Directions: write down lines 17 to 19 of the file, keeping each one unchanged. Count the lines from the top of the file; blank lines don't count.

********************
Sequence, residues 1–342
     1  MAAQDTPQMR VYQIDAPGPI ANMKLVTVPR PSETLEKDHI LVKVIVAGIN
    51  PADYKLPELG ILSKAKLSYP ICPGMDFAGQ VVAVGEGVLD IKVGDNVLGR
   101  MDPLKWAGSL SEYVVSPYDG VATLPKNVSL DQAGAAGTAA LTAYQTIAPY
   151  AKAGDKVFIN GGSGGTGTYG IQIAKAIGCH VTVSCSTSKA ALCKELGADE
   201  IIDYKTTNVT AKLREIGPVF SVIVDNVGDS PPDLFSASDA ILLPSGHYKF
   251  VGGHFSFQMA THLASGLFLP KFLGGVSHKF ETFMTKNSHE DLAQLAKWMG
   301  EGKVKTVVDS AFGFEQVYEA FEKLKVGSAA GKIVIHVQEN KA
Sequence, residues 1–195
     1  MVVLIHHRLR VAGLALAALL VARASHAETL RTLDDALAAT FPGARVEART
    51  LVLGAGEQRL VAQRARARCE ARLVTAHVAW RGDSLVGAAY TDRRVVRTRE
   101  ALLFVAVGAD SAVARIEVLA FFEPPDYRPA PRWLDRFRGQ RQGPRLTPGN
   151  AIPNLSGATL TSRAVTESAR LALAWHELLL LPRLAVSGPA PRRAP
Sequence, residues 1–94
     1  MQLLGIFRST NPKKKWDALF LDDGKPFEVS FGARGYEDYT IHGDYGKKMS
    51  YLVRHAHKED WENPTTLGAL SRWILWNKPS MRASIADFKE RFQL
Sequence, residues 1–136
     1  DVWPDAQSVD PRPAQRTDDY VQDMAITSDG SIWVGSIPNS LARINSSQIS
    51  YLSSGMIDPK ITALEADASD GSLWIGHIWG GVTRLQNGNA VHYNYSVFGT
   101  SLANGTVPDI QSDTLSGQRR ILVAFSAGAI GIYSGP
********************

Sequence, residues 1–136
     1  DVWPDAQSVD PRPAQRTDDY VQDMAITSDG SIWVGSIPNS LARINSSQIS
    51  YLSSGMIDPK ITALEADASD GSLWIGHIWG GVTRLQNGNA VHYNYSVFGT